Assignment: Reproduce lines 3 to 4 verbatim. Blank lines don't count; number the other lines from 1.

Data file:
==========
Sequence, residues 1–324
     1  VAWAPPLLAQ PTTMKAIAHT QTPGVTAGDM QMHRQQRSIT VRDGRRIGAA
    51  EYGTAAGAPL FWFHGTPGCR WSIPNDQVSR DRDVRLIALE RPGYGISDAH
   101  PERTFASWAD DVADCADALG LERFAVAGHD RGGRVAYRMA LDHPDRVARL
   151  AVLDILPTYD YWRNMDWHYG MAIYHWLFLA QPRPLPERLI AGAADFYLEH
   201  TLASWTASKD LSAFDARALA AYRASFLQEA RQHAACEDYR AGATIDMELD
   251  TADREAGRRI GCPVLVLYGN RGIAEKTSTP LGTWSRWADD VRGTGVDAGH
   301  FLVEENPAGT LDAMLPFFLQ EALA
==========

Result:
    51  EYGTAAGAPL FWFHGTPGCR WSIPNDQVSR DRDVRLIALE RPGYGISDAH
   101  PERTFASWAD DVADCADALG LERFAVAGHD RGGRVAYRMA LDHPDRVARL